observations, microteaching of peers with the use of innovative teaching methods and approaches, and a variety of related activities. One of the basic content issues is to specify professional competences of the CLIL teacher. What attitudes, what professional skills are to be acquired for the teaching of mathematics through the medium of the English language? Vygotsky (1986) views the teaching-learning process as sociocultural development, and describes the teacher’s support to the learners’ zone of proximal development. This is executed through a number of professional skills, e.g. the skill to motivate, to establish and maintain contact, to control the learning process, to stimulate and activate etc. (Švec, 1998). The teacher competence in general seems to cover the subject knowledge and skills and their application. So far, Mathematics and English have been two independent disciplines, each having its specific characteristic features. Whereas in an English class, communicative

competence is the ultimate aim of teaching, and involves both accuracy and fluency, the main aim of mathematics teaching (Schoenfeld, 1994) is to develop mathematical thinking. Thinking was also proposed as a fifth area of language competence (besides listening, speaking, reading and writing) by Skutnabb-Kangas in 1981. To Vygotsky (1986), thinking involves the use of words and notions, speech is a tool to develop thinking. Learning mathematics, therefore also includes „appropriating ways of speaking mathematically, that is, learning the language of mathematicians“ (Zazkis, 2000). Unlike our everyday speech, formal mathematical language is characterised by lack of redundancy and refers to the standard use of terminology (mathematical register). In schools, and with young learners in particular, the mathematical language comprises both formal and informal components. CLIL teachers should therefore have a good command of the target language and resort to the learners’ mother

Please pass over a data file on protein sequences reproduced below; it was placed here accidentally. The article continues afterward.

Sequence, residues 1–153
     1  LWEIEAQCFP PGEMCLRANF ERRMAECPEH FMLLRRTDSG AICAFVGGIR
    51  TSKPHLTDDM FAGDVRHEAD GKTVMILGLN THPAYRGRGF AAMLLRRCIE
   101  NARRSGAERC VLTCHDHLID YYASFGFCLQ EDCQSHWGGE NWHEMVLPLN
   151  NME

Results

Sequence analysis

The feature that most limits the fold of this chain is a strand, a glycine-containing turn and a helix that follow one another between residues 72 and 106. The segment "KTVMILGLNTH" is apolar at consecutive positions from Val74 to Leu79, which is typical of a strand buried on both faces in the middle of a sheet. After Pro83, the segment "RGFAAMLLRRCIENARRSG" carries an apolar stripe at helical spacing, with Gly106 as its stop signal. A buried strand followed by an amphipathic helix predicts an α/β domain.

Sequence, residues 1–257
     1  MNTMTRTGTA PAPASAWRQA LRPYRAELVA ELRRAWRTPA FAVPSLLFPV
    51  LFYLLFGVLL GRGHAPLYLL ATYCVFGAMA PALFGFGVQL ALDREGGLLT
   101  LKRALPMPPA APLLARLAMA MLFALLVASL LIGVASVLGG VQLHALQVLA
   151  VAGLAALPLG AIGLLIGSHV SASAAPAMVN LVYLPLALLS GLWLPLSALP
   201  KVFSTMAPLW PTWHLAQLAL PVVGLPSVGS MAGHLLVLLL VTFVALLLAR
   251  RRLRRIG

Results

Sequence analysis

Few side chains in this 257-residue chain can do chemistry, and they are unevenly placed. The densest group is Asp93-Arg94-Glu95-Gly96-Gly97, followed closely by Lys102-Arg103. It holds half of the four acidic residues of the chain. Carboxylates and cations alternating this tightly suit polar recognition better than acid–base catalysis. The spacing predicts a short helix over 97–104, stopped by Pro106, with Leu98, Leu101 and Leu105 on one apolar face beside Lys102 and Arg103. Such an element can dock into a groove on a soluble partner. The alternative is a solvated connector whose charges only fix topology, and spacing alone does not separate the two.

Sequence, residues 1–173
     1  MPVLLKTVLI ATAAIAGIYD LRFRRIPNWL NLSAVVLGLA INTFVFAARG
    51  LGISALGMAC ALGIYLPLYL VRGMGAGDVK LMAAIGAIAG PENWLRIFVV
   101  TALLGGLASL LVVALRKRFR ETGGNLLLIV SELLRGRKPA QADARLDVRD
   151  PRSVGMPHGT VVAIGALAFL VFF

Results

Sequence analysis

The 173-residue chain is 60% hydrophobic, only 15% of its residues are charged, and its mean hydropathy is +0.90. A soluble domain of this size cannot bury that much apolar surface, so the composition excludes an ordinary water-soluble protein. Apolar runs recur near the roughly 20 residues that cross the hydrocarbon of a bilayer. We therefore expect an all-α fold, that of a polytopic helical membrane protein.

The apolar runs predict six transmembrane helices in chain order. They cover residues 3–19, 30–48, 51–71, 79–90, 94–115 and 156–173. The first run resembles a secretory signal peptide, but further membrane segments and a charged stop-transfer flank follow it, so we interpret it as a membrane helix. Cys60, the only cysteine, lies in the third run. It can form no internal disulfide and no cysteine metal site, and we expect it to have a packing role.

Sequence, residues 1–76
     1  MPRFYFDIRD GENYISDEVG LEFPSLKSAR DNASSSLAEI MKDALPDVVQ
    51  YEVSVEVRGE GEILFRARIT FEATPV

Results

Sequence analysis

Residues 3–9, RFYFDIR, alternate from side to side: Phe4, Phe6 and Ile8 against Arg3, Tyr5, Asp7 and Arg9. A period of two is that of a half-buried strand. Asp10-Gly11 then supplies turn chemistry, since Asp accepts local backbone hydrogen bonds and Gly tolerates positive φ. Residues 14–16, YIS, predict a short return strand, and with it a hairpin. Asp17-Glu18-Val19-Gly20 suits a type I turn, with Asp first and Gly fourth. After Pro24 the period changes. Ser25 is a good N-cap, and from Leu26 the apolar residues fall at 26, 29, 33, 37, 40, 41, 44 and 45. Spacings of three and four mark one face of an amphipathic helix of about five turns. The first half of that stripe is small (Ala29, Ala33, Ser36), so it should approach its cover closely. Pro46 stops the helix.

tongue with care. For learners, however, code switching is a natural communication strategy, and teachers should allow it, particularly in the first stages of CLIL. Secondly, teachers’ task in this field is to flexibly adapt their instructional support bearing in mind that in order to enable incidental language learning, i.e. language acquisition in the learners, their main concern should be to scaffold them on their way towards achieving mathematical competences. Learners, whose attention is focused on the non-linguistic content, need to have access to spontaneous speech, preferably in an interactive context. Thus one of the conclusions, further supported by the experiences from schools where CLIL is already in operation, is that CLIL calls for an interactive teaching style. Verbal input should be accompanied with the use of visual and multimedia aids. Moreover, young learners should be given opportunities to promote holistic ways of learning and to learn from practical, hands-on